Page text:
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ORIGINAL ARTICLE
Year : 2019  |  Volume : 8  |  Issue : 3  |  Page : 237-243

Expression of mycolic acid in response to stress and association with differential clinical manifestations of tuberculosis


Department of Microbiology, Vallabhbhai Patel Chest Institute, University of Delhi, Delhi, India

Correspondence Address:
Dr Mandira Varma-Basil
Department of Microbiology, Vallabhbhai Patel Chest Institute, University of Delhi, Delhi - 110 007
India
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Source of Support: None, Conflict of Interest: None


DOI: 10.4103/ijmy.ijmy_69_19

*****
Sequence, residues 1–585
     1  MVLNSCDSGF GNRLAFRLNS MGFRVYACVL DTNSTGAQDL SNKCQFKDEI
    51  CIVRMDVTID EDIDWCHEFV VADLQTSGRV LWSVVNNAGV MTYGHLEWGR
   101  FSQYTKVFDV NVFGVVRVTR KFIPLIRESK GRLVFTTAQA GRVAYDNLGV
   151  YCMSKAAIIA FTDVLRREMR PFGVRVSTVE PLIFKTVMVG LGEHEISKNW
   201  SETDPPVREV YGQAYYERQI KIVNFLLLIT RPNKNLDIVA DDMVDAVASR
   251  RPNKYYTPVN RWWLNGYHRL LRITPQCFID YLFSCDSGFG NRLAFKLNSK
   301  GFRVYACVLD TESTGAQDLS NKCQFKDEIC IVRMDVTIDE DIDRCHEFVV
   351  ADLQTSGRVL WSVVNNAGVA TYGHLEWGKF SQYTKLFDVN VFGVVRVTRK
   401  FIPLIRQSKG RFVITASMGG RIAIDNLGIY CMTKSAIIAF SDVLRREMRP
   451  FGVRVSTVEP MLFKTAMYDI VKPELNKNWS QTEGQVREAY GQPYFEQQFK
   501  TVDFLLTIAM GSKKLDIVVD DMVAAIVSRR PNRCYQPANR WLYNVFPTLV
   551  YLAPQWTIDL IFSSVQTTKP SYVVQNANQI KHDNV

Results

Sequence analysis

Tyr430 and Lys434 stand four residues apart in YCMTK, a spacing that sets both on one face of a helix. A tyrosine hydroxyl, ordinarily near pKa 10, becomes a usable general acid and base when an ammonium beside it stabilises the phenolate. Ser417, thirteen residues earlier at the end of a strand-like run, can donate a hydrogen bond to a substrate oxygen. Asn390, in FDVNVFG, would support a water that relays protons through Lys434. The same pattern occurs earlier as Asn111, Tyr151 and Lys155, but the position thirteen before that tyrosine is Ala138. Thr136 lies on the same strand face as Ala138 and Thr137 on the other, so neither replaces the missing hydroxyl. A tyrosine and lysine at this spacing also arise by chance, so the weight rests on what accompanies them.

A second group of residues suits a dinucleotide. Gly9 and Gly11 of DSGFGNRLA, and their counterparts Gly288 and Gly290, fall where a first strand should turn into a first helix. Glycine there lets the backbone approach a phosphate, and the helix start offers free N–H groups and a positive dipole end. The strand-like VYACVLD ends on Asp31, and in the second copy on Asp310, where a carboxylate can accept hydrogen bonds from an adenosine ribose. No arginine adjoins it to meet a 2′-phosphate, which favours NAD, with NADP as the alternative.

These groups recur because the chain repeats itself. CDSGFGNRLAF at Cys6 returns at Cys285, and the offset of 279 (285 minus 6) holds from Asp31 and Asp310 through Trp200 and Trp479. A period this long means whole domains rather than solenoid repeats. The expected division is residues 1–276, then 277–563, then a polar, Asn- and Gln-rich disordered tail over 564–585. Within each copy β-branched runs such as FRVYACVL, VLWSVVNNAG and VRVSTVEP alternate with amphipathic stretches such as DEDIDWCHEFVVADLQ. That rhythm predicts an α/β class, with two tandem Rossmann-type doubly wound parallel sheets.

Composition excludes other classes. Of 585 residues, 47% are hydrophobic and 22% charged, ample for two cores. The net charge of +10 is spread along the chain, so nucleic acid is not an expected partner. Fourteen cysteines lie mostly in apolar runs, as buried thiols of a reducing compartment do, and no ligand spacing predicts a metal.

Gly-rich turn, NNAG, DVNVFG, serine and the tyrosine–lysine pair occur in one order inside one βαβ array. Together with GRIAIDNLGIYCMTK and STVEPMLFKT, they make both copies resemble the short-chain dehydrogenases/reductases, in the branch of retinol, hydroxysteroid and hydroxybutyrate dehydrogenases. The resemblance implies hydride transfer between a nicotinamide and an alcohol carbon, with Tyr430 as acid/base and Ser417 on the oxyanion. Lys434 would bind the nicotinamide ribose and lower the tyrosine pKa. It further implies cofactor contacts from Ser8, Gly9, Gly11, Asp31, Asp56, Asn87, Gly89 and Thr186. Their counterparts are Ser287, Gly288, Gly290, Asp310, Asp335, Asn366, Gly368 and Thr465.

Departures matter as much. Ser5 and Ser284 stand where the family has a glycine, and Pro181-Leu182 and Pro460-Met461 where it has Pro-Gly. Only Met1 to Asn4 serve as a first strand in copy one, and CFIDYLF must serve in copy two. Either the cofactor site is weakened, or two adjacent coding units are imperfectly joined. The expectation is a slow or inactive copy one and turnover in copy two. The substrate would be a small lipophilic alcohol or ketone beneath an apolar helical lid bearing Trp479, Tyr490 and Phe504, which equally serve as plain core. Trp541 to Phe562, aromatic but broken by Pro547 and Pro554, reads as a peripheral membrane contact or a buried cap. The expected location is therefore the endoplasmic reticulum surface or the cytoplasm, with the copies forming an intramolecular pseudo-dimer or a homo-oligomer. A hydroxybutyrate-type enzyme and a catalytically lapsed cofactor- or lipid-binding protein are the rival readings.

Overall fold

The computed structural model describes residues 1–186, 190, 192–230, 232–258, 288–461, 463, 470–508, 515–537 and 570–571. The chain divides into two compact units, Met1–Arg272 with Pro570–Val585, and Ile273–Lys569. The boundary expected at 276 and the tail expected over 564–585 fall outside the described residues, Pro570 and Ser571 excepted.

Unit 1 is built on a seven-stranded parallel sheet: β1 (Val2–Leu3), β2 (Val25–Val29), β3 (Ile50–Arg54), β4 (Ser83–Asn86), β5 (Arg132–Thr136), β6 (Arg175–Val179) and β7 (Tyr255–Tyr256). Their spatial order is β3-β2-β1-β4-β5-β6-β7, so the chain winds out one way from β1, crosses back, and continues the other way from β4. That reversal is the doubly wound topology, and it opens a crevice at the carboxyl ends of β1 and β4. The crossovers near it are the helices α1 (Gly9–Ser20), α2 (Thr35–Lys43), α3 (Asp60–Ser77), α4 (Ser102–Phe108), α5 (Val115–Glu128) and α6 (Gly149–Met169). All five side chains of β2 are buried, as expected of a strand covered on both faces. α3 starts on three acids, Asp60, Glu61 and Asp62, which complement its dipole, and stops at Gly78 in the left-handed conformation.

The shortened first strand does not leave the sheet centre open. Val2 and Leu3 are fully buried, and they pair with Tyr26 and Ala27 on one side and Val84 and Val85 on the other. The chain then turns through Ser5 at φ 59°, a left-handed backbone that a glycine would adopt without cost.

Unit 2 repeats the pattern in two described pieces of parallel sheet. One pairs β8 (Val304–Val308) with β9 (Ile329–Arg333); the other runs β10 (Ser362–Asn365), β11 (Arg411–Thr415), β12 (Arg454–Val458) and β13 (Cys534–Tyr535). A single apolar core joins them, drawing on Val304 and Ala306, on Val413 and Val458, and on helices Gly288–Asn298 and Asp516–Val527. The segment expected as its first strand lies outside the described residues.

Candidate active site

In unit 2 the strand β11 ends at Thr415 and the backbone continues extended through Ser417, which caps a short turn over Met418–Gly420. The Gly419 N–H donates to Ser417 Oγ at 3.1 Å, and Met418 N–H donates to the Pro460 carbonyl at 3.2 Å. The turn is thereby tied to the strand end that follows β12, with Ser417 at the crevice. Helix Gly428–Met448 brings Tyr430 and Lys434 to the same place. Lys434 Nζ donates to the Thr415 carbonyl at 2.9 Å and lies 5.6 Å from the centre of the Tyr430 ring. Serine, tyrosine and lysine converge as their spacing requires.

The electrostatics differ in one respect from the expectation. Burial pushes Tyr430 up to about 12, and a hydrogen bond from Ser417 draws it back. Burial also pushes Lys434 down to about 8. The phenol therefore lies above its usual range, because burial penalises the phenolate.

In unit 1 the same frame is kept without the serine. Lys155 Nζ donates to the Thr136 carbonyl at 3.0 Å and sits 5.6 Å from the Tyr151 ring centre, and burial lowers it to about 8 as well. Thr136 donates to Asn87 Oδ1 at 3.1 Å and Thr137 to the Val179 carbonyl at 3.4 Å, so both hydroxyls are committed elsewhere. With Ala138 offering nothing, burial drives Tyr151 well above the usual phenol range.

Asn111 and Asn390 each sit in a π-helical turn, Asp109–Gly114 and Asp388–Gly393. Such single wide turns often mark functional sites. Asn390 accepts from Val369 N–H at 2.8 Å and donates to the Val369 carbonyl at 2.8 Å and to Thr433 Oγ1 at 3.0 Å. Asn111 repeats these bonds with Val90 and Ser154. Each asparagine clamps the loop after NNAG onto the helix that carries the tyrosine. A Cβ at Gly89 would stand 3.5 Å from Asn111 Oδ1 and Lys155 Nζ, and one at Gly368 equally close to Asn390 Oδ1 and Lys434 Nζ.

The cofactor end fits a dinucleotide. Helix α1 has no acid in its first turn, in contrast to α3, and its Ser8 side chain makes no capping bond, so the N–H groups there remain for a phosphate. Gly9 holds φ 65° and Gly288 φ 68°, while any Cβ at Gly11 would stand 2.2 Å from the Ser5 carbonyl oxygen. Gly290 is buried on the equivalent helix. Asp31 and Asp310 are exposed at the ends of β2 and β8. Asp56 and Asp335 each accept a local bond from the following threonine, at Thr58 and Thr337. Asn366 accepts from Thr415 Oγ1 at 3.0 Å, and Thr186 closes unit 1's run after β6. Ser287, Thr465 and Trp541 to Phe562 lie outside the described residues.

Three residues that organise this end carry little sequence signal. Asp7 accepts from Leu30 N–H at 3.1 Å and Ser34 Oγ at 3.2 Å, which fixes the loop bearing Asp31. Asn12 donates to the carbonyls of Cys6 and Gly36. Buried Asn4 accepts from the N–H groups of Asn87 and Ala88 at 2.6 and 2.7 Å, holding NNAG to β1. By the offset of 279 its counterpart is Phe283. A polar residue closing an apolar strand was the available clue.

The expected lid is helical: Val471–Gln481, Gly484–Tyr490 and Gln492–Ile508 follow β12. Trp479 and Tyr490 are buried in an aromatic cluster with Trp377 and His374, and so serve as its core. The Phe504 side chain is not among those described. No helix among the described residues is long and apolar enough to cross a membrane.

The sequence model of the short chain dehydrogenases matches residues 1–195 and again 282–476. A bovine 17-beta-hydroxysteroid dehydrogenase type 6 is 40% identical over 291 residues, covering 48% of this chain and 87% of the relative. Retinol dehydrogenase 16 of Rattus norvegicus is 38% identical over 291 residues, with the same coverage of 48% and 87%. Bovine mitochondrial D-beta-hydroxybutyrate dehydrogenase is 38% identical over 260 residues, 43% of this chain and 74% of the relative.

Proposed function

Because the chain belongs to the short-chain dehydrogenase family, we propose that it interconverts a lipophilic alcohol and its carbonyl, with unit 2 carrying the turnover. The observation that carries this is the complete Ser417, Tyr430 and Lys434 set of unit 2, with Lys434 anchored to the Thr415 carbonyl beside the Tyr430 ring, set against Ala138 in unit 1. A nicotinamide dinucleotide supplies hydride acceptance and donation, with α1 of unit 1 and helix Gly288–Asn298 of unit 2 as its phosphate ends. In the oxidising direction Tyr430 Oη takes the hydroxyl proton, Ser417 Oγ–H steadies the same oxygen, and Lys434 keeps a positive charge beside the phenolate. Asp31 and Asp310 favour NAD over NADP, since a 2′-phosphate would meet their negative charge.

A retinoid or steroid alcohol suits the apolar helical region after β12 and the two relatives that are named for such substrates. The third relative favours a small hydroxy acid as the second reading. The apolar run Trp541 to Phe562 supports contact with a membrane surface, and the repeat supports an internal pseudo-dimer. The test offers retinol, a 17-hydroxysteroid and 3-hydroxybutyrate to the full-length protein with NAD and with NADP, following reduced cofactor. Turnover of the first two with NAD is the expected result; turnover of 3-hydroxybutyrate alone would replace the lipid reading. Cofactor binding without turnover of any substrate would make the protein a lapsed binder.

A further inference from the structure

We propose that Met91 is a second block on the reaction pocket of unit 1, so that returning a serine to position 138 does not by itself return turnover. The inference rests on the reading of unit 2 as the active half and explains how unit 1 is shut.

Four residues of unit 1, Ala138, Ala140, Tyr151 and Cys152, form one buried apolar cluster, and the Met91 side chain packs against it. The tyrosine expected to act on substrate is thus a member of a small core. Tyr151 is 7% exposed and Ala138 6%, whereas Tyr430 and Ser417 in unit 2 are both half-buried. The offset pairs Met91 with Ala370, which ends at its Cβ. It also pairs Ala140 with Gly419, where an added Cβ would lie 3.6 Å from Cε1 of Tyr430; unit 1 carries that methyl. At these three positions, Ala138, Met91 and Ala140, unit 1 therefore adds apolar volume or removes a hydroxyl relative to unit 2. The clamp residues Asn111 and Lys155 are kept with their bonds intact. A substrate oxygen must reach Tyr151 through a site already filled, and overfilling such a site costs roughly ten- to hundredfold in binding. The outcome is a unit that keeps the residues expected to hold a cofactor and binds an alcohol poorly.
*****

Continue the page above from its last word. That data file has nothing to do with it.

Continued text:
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Background: Extrapulmonary tuberculosis (EPTB), accounting for 10%–20% of all cases of tuberculosis (TB), is known to be determined by host immunity. However, the contribution of bacterial factors to the development of EPTB has not been studied extensively. Mycolic acids are predominant lipids constituting the cell wall of Mycobacterium tuberculosis, and keto-mycolic acid is involved in the synthesis of foamy macrophages that facilitate persistence of mycobacteria. Hence, the present study was performed to gain an insight into variable expression of mycolic acids in clinical isolates of M. tuberculosis under stress. Methods: Pansusceptible clinical isolates of M. tuberculosis from patients with lymph node TB (LNTB) (n = 10) and pulmonary TB (PTB) (n = 10) were subjected to sodium dodecyl sulfate (SDS) stress, and the expression of mycolic acid and its biosynthetic genes was compared. Any bias arising due to the genotype of the clinical isolates was ruled out by performing single-nucleotide polymorphism cluster grouping (SCG), wherein no significant difference was observed between the SCG of LNTB or PTB isolates. Results: The expression of α-mycolic acid during the exposure to SDS was high in 7/10 (70%) LNTB and 6/10 (60%) PTB isolates. Methoxy mycolic acid showed an increased expression in 7/10 (70%) LNTB isolates and 4/10 (40%) PTB isolates. Increased expression of keto-mycolic acid on exposure with SDS was observed in 8/10 (80%) M. tuberculosis LNTB and 3/10 (30%) PTB isolates. Similarly, the mycolic acid synthesis gene, fas, was upregulated more in LNTB isolates than PTB isolates in vitro and ex vivo. SCG 3a was the most common SCG observed in 40% (8/20) of the isolates, followed by SCG 3b in 30% (6/20) of the isolates. There was no significant difference between the SCG of LNTB or PTB isolates. Conclusion: The higher expression of keto-mycolic acid in LNTB as against PTB isolates may indicate better survival in LNTB isolates in the presence of stress.


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